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Rutherford Atomic Model

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Rutherford Atomic Model was proposed by Ernest Rutherford in 1911. It is also called the Planetary Model of the Atom. It introduced the concept of a dense, positively charged nucleus at the center of an atom, with electrons orbiting around it, forming the basis for modern atomic theory.

In this article, we will learn about Rutherford’s Alpha Scattering Model, its observations, and limitations in detail.

Rutherford Atomic Model

According to Rutherford’s Atomic Model, the positively charged particles and the majority of the mass of an atom were said to be concentrated in a small volume. He referred to this area of the atoms as the nucleus

Another idea put forward by Rutherford’s model of an atom was that an atom’s nucleus should be surrounded by negatively charged electrons. Rutherford also suggested that the electrons circle the nucleus at the speed of light. He called these elliptical paths orbits.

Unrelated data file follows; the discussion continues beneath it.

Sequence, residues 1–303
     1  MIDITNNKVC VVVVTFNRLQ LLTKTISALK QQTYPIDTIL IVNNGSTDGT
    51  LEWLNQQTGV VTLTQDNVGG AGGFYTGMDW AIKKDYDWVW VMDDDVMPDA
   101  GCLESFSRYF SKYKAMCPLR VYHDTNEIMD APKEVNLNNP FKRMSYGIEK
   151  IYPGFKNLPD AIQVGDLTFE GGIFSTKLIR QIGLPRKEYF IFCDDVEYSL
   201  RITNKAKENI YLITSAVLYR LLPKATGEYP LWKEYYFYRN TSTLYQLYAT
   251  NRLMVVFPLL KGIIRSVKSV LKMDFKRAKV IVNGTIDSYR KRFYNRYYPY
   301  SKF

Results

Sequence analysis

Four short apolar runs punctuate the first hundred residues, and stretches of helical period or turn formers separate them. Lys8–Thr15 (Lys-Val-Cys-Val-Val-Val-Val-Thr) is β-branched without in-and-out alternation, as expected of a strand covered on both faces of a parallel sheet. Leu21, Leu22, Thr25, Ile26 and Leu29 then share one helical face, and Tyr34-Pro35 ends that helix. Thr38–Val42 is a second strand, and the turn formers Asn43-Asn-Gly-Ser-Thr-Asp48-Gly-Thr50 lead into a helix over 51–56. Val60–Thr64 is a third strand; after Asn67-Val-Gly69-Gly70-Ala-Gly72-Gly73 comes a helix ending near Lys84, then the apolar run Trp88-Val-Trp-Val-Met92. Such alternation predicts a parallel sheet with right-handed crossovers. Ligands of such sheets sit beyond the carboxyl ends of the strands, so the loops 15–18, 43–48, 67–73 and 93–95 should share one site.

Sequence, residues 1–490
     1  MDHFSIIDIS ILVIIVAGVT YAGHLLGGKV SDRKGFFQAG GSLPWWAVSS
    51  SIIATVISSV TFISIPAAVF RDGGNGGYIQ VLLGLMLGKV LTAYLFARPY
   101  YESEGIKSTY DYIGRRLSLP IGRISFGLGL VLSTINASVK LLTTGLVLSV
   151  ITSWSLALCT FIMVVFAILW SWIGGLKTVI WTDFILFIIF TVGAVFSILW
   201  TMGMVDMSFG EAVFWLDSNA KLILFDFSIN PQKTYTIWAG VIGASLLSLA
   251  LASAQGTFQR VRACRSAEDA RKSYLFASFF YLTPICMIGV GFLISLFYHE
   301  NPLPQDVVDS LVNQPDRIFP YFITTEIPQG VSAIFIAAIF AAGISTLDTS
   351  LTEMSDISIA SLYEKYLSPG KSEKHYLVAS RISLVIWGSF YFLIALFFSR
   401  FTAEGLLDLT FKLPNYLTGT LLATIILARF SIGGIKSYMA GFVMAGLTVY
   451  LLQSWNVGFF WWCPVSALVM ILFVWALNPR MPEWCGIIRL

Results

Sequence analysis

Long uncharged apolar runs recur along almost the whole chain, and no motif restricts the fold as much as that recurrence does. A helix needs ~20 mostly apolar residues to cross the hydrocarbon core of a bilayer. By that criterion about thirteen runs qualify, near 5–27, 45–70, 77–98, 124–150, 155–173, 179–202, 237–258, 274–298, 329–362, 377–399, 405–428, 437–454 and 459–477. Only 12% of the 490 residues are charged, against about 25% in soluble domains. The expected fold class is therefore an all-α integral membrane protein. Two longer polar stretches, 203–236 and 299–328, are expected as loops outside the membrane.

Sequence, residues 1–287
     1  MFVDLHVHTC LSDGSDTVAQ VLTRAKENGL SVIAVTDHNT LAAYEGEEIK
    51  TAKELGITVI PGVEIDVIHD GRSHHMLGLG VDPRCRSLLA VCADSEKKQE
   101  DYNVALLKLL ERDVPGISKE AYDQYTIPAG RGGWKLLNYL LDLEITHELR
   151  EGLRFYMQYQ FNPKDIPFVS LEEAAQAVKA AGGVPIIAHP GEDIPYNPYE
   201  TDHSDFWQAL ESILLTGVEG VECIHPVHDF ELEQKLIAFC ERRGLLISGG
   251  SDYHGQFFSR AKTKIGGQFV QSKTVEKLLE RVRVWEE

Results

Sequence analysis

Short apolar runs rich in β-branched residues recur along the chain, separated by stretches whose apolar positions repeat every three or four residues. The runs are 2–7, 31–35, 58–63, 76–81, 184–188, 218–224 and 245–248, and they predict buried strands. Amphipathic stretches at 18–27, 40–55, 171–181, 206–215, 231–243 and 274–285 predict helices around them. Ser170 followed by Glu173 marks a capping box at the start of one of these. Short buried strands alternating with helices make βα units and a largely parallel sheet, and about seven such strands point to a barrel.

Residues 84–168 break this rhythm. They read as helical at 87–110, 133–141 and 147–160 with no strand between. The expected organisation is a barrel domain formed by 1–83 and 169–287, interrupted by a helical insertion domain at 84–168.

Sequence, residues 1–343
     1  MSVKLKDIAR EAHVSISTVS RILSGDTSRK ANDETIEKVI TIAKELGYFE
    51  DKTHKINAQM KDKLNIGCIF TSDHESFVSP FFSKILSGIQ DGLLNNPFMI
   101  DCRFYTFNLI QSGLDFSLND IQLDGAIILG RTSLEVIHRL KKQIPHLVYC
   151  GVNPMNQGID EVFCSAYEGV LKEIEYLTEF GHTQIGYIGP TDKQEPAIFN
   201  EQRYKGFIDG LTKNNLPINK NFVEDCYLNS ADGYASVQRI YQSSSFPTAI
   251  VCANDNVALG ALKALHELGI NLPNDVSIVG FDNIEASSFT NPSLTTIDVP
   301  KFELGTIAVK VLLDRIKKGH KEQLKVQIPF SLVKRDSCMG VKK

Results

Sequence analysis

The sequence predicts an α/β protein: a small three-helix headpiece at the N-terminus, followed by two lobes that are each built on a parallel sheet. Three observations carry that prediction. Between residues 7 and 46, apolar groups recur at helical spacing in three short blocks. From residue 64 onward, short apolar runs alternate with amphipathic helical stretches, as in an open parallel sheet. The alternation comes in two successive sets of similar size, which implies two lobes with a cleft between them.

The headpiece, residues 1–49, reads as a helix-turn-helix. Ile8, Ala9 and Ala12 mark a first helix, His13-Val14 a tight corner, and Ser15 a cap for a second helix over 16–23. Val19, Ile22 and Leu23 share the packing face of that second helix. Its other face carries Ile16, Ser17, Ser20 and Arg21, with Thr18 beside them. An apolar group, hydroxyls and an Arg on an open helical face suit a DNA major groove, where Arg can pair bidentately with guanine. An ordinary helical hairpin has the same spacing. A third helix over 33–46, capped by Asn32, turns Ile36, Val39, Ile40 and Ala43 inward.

Rutherford Gold Foil Experiment

To determine how electrons are arranged in an atom, the Alpha (α) Particle Scattering Experiment was organized by Rutherford. Rapidly moving α-particles were directed to bombard a thin sheet of gold.

Rutherford Gold Foil Experiment
  • The gold foil was selected so as to obtain an extremely thin layer. The thickness of the gold foil was about 1000 atoms.
  • Doubly-charged helium ions are known as α-particles. Rapidly moving α-particles possess a great deal of energy, as they have a mass of about 4 amu.

The hypothesis was that α-particles would be deflected by the sub-atomic particles in the gold atoms. Rutherford didn’t expect to witness significant deflections as the α-particles were considerably heavier than the protons. However, the experiment produced entirely unanticipated results.

Observations of Rutherford’s Gold Foil Experiment

Rutherford Gold Foil Experiment Observations